As I peered into my extra-strength magnifying makeup mirror this morning, I saw … my mother 25 years ago. Not just in the creases around my eyes, but the clothes, the attitude — all of it. I was beguiled and horrified at the same time.
Don’t get me wrong, my female parental unit is a classy, smart, sweet and loving woman. I would be lucky to inherit her grace, wisdom and patience. But every girl experiences a certain amount of shock and dismay when she realizes she has turned out exactly like her mother.
It dawned on me during my sunrise epiphany that the reason my little momma (she’s 4’10”) frequently drives me bonkers is precisely because we are way too much alike. At 43, I hear myself doing and saying the very things she did and said at my age. Back then, I rolled my eyes or openly chastised her eccentricities. Today, they are my jam, man.
I made a list (a skill she taught me, imagine that) of all the attributes I’ve adopted that silently morphed me into Janet’s mini-me. Some of them are silly habits, but a lot of them are lifestyle choices I never imagined I would make.
Topping this list is my job. Mom became an independent real estate agent when I was just a little kid and has been home-based for most of that time. I remember thinking during college, “I could NEVER do what my mother does for a living. Self-employment is too risky, and I would never get anything done if I worked out of the house.”
Hello? Starting my own free-lance writing and media consulting business was THE best career decision I have ever made. I cannot fathom having a boss or working in a cubicle ever again. Mother knew best all along.
Also, going back many years, my mother wanted to be a writer. She worked on her high school newspaper but didn’t pursue a degree. It didn't pan out for her, but guess who became a journalist? Yep.
(Side note: My mother and I graduated from the same high school, which really should have given me a clue as to how similar our paths would turn out to be. But I digress.)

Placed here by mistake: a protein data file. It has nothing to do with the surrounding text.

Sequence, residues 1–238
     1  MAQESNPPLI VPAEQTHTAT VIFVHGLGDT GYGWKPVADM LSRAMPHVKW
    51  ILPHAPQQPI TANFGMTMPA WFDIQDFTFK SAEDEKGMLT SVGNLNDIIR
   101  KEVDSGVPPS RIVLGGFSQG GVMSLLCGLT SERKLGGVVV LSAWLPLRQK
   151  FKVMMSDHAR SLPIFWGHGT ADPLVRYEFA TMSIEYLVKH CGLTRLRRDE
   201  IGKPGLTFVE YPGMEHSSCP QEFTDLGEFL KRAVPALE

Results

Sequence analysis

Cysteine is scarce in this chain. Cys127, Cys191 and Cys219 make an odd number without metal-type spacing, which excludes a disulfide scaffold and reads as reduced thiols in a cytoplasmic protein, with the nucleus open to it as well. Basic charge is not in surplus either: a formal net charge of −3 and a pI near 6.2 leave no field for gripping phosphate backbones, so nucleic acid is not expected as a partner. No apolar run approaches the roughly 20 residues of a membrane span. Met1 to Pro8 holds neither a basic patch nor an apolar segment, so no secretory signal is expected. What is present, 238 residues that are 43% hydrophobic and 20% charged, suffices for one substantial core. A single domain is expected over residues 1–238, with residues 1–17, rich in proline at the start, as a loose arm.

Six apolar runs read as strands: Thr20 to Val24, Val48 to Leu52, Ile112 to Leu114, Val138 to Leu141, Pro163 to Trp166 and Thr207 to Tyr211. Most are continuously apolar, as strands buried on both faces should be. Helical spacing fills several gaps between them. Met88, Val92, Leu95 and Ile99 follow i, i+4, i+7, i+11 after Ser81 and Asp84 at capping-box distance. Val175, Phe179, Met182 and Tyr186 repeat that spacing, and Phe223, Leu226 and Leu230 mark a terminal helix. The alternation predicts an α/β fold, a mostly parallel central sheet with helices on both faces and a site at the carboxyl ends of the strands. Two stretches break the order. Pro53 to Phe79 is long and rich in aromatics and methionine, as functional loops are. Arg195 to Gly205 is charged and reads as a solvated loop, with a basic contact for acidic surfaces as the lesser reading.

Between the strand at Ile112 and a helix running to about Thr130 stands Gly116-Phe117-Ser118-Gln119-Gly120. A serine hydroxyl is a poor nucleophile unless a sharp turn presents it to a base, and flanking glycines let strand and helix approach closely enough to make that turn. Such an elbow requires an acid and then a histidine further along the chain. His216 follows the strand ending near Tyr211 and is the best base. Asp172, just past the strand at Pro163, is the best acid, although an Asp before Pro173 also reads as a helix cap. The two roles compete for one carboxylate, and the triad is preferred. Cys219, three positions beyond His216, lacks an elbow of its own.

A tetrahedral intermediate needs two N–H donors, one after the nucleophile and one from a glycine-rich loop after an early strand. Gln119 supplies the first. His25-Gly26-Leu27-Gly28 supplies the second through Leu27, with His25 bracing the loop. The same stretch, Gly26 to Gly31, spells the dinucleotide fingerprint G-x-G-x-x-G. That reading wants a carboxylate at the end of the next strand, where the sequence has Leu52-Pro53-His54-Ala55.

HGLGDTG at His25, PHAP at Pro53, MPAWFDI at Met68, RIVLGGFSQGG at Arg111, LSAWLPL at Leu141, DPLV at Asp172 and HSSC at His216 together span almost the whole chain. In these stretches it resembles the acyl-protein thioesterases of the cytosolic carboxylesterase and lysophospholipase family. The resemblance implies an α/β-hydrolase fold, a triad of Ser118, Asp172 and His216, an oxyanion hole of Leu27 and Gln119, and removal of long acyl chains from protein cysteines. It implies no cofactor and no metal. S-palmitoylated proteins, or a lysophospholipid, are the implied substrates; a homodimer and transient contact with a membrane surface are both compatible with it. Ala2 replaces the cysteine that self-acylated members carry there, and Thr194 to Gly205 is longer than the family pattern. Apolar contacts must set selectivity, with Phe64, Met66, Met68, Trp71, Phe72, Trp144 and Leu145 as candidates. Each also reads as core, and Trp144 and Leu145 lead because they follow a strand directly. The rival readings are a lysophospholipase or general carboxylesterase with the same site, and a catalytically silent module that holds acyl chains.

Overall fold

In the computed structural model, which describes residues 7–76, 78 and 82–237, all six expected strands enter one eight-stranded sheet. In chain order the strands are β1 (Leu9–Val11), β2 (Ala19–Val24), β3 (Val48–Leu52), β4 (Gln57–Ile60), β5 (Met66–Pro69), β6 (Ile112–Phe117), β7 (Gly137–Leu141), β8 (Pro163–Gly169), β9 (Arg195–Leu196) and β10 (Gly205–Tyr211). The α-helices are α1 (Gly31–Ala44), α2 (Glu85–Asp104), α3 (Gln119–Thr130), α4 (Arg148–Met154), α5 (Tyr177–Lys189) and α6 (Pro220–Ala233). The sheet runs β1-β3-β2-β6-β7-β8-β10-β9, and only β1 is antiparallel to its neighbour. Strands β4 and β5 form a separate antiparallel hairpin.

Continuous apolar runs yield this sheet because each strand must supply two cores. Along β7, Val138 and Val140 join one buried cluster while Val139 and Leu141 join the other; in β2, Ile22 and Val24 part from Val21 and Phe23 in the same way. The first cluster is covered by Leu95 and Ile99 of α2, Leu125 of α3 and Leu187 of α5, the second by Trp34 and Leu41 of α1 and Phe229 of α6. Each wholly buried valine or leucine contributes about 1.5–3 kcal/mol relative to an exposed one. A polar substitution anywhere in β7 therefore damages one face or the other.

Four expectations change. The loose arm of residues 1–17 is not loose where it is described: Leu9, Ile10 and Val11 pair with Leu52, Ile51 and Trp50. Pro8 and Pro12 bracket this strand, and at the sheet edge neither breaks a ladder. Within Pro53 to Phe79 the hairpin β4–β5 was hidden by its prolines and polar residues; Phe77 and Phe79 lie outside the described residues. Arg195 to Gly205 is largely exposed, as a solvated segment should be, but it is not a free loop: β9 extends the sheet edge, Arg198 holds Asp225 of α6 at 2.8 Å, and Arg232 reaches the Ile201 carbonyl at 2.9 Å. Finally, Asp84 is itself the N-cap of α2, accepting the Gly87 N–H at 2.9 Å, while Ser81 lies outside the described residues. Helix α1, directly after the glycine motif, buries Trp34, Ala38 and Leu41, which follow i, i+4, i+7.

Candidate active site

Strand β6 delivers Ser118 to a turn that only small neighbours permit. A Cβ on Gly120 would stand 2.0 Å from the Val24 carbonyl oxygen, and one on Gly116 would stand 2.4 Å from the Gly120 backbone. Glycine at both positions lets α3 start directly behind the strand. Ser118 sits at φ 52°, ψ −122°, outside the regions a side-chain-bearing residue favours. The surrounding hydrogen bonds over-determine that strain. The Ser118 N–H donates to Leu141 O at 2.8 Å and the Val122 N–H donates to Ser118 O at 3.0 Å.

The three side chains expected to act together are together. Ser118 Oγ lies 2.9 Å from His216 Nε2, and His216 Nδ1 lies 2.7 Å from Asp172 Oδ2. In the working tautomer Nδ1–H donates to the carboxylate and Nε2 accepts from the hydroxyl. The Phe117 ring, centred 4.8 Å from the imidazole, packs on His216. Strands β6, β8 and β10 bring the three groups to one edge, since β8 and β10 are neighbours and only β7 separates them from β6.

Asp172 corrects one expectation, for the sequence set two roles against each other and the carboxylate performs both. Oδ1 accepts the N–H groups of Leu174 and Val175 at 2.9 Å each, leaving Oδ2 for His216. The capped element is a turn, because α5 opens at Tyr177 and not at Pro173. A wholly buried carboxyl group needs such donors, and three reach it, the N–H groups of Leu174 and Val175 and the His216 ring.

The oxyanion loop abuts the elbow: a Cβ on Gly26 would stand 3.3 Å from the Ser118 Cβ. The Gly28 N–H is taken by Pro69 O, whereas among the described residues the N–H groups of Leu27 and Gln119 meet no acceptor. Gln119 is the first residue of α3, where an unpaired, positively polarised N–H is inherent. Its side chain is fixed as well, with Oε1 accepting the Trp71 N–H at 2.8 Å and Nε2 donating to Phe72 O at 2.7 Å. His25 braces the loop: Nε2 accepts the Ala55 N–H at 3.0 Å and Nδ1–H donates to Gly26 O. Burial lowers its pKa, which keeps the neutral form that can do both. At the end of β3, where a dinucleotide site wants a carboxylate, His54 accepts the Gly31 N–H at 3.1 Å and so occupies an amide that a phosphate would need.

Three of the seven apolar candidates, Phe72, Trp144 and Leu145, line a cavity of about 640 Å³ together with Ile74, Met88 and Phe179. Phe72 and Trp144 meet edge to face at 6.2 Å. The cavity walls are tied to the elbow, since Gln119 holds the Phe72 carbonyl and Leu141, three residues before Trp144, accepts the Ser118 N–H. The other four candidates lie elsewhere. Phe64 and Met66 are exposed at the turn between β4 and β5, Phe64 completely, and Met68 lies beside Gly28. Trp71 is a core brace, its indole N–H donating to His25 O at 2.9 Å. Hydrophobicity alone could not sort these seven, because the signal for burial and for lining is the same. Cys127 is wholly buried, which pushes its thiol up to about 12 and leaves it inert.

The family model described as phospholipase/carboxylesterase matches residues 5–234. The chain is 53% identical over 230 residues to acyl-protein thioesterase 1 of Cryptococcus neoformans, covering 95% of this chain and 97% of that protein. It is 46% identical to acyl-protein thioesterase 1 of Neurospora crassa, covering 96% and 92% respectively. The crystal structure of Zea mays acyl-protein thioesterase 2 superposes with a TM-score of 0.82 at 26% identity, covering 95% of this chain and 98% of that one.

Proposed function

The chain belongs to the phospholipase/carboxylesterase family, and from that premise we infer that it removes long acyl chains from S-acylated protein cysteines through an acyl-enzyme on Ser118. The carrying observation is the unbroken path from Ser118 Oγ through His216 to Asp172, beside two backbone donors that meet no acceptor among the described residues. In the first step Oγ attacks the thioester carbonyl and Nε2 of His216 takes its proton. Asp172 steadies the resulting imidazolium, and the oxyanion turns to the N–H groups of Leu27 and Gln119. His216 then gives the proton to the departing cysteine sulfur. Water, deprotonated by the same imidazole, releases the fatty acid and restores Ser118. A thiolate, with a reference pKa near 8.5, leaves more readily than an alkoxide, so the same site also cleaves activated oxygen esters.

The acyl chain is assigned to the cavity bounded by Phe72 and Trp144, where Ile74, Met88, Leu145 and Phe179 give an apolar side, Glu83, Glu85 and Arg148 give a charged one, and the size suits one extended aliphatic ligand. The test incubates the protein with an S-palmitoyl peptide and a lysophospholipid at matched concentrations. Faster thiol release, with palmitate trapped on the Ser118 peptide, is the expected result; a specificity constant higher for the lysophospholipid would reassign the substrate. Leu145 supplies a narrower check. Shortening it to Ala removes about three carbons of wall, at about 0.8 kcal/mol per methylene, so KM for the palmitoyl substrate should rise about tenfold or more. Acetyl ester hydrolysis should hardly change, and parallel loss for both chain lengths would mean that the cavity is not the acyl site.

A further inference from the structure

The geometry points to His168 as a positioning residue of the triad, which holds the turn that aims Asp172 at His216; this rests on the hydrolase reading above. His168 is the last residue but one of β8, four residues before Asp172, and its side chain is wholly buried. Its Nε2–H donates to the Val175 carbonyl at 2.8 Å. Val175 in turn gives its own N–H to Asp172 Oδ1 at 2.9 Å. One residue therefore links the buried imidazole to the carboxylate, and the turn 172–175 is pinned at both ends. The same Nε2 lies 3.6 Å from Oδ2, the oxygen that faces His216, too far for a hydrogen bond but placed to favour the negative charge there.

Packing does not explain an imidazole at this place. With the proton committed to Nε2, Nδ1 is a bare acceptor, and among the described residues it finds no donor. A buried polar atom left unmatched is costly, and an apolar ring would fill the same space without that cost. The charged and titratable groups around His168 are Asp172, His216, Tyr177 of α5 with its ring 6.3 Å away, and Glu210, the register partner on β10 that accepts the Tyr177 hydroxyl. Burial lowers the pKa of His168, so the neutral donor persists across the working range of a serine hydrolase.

Next is health and wellness. The 1980s marked an era of Jane Fonda workout videos and the emergence of health food stores. In her 40s, my mom decided to force-feed her family wheat germ/soy burgers and take Jazzercise classes, complete with leotard and legwarmers. I often accompanied her to the St. Matthews Women’s Club and sat on the floor at the back of the room, marveling at 30 middle-aged women dancing and sweating to Wham. "Wake me up / before you go go…"
Fast-forward to me at age 40, when I began my own health kick. For the past three years, I have consistently been attending what my mother calls “exercise class” at a local gym. I work with a personal trainer and do my best to follow the latest healthy eating guidelines. I have almond milk in my fridge and quinoa in my pantry. I firmly believe kale smoothies are the wheat germ of the 2010s.
Also in her 40s, my mother bought self-help books by the dozens and sought professional help to “find herself.” At the time, I thought she was a lunatic. “Why do you need to find yourself? You’re RIGHT THERE.”
Yeah. Crow is a little tough to chew, lemme tell ya. I have spent the past six years on a journey toward my own self-awareness. I frequent several support groups, I have taken meditation classes, and I even met with a life coach. I was lost, but now I'm found, or at least less lost anyway. Momma was hella smart about that, as it turns out.